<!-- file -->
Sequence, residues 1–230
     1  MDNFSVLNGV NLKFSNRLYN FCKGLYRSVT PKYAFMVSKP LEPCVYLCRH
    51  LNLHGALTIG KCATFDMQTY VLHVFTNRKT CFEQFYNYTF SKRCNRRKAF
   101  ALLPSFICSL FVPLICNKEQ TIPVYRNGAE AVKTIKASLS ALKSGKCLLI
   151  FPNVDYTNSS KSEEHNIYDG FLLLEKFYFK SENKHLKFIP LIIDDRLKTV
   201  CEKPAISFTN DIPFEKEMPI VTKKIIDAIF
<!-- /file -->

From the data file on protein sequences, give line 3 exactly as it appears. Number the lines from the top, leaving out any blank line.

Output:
    51  LNLHGALTIG KCATFDMQTY VLHVFTNRKT CFEQFYNYTF SKRCNRRKAF